Sampson, Thomas

, an eminent puritan divine, was, according to Strype, born at Playford in Suffolk, and was a fellow of Pembroke hall, Cambridge. Wood says he was born in 1517, without specifying where; but adds, that he was educated ac Oxford, which seems most probable, as that university was the scene of much of his future life; He appears to have imbibed the principles of the | reformation at a very early period, and became such an acute reasoner that Wood informs us he was the means of converting John Bradford, the famous martyr. He began likewise very early to entertain those prejudices against the hahits which occasioned so much mischief in the church, and which were confirmed in him, and many others, by. associating with the Geneva reformers during their exile in the time of queen Mary. He was ordained by archbishop Cranmer and bishop Ridley, who, at his request, dispensed with the habits, to which now, and ever after, he attached the idea of idolatry. He was chaplain in the army of lord Russel in his expedition against the Scots. In 1551, he was preferred to the rectory of Allhallows, Bread-street, London, which he resigned in 1553, and the year following to the deanery of Chichester. During the reign of Edward VI. he was accounted one of the* ablrst and most useful preachers in confirming the people in the doctrines of the reformation. On the accession of queen Mary he concealed himself for some time; but having been active in collecting money for the support of poor scholars in the two universities, narrowly escaped beingapprehended, and was obliged to go abroad, where he resided chiefly at Strasburgh, with the other English exiles, and had some hand in the Geneva translation of the Bible.

On the accession of queen Elizabeth he returned home, not only confirmed in his aversion to the habits, but with a dislike, it would appear, to the whole of the hierarchy, and refused the bishopric of Norwich because dissatisfied with the nature of the office. He continued, however, to preach, particularly at Paul’s cross, where his wonderful memory and eloquence were very much admired; and in September 1560 he was made a prebendary of Durham. In Michaelmas-term 1561, he was instalied clean of Christ-church, Oxford. On this occasion some members of that society, who recommended him for the situation, said, that “it was very doubtful, whether there was a better man, a greater linguist, a more complete scholar, or a more profound divine;” and it is certain that for some years he and Dr. Lawrence Humphrey were the only protestant preachers at Oxford of any celebrity. In 1562, he resigned his prebend of Durham, and became so open and zealous in his invectives against the habits, that after considerable forbearance, he was cited, with Dr. Humphrey, before the high commission court at Lambeth, and Sampson was | Deprived of his deanery, and for some time imprisoned. Notwithstanding his nonconformity, however, he was presented, in 1568, to the mastership of Wigston-hospitaJ, at Leicester, and had likewise, according to Wood, a prebend in St. Paul’s. He went to reside at Leicester, and continued there until his death, April 9, 1589. He mar-? ried bishop Latimer’s niece, by whom he had two sons, John and Nathaniel, who erected a monument to his memory, with a Latin inscription, in the chapel of the hospital at Leicester, where he was buried. His works are tew 1. “Letter to the professors of Christ’s Gospel, in the parish of Allhallows in Breadstreet,” Strasburgb, 1554, 8vo, which is reprinted in the appendix to Strype’s “Ecclesiastical Memorials,” vol. III. 2. “A Warning to take heed pf ‘Fowler’s Psalter’,” Loud. 1576 and 1578, 8vo. This was a popish psalter published by John Fowler, once a Fellow of New-college, Oxford, but who went abroad, turned printer, and printed the popish controversial works for some years. 3, ' Brief Collection of the Church and Ceremonies thereof,“Lond. 1581, 8vo. 4.” Prayers and Meditations Apostolike; gathered and framed out of the Epistles of the Apostles,“&c. ibid. 1592, J6mo. He was also editor of two sermons of his friend John Bradford, on repentance and the Lord’s-supper, Lond. 1574, 1581, and, 1589, 8vo. Baker ascribes to him, a translation of” a Sermon of John Chrysostome, of Pacience, of the end of the world, and the last judgment,“1550, 8vo; and of” An Homelye of the Resurrection of Christ," by John Brentius, 1550, 8vo. Other works, or papers in which he was concerned, may be seen in pur authorities. 1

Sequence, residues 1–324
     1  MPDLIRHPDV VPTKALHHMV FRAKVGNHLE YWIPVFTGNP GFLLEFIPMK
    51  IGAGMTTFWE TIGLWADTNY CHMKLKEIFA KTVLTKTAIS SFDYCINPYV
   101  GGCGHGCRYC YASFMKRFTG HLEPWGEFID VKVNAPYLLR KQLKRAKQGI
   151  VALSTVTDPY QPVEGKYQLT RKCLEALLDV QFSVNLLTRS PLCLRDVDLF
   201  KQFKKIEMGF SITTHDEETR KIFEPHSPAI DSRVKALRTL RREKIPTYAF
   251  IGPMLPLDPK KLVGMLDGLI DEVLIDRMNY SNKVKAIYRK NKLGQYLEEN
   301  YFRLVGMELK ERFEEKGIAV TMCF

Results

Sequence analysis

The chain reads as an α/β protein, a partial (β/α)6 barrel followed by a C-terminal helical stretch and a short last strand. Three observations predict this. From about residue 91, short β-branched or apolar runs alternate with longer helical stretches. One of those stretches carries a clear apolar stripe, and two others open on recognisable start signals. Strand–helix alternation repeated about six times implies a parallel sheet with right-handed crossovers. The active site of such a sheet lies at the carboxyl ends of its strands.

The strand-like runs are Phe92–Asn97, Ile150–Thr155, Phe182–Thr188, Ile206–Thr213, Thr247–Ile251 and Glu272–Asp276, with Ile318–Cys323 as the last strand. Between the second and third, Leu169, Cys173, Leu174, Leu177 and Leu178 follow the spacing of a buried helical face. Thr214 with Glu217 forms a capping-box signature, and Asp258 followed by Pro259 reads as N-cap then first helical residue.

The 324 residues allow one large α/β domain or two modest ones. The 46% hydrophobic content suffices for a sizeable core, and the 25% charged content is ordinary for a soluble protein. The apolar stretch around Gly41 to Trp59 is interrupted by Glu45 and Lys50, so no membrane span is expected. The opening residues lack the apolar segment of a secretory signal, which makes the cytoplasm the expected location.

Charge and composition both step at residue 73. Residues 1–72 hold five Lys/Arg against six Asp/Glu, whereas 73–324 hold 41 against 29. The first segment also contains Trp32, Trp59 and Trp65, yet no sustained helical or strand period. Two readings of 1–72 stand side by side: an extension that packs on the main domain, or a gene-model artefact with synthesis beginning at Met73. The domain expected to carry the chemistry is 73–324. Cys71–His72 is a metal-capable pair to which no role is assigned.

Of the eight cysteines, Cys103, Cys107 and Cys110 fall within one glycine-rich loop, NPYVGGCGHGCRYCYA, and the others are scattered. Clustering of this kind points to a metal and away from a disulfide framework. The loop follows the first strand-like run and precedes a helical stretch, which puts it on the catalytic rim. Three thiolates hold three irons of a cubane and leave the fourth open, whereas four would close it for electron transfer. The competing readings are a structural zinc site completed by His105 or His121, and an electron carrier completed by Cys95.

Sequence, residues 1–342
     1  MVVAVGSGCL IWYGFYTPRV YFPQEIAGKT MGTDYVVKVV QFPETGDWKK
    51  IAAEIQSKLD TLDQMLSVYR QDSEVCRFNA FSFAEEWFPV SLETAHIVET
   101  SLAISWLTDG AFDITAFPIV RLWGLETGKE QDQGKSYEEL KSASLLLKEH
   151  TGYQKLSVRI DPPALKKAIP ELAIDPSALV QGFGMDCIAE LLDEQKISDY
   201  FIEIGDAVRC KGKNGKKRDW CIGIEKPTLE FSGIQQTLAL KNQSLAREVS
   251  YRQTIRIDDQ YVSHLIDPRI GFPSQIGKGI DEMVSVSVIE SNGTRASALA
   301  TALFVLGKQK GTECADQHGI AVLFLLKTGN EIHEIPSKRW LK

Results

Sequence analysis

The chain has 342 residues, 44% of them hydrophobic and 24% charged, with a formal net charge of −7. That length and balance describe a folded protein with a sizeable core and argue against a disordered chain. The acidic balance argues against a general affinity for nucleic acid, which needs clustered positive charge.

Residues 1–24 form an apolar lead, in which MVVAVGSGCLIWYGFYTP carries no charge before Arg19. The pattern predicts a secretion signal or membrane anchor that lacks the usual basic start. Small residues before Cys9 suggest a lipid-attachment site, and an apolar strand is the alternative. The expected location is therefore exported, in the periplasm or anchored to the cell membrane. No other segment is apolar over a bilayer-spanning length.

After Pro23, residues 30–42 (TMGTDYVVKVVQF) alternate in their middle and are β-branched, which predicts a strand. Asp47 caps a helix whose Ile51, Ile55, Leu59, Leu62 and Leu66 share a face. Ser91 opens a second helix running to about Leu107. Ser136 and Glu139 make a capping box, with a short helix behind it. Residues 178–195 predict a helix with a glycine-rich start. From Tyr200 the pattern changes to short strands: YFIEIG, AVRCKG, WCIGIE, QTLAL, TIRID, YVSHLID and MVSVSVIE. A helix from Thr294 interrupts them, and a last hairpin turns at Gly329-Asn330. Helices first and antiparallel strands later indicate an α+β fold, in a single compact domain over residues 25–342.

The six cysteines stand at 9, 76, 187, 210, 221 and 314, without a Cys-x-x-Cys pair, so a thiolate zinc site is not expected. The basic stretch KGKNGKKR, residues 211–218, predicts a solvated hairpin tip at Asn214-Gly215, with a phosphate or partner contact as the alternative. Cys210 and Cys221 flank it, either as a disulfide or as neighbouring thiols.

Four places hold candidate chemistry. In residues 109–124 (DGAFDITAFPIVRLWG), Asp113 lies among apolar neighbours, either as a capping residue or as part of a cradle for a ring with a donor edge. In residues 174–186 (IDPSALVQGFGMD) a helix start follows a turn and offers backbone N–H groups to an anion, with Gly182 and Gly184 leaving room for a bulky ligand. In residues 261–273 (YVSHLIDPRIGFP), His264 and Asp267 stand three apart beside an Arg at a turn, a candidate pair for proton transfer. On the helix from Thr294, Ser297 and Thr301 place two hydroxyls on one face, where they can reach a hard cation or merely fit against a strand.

Ath. Ox. new edit. vol. I. —Strype’s Annals. —Strype’s Life of Parker, pp. 162, 184, 136, 243, [448], 468.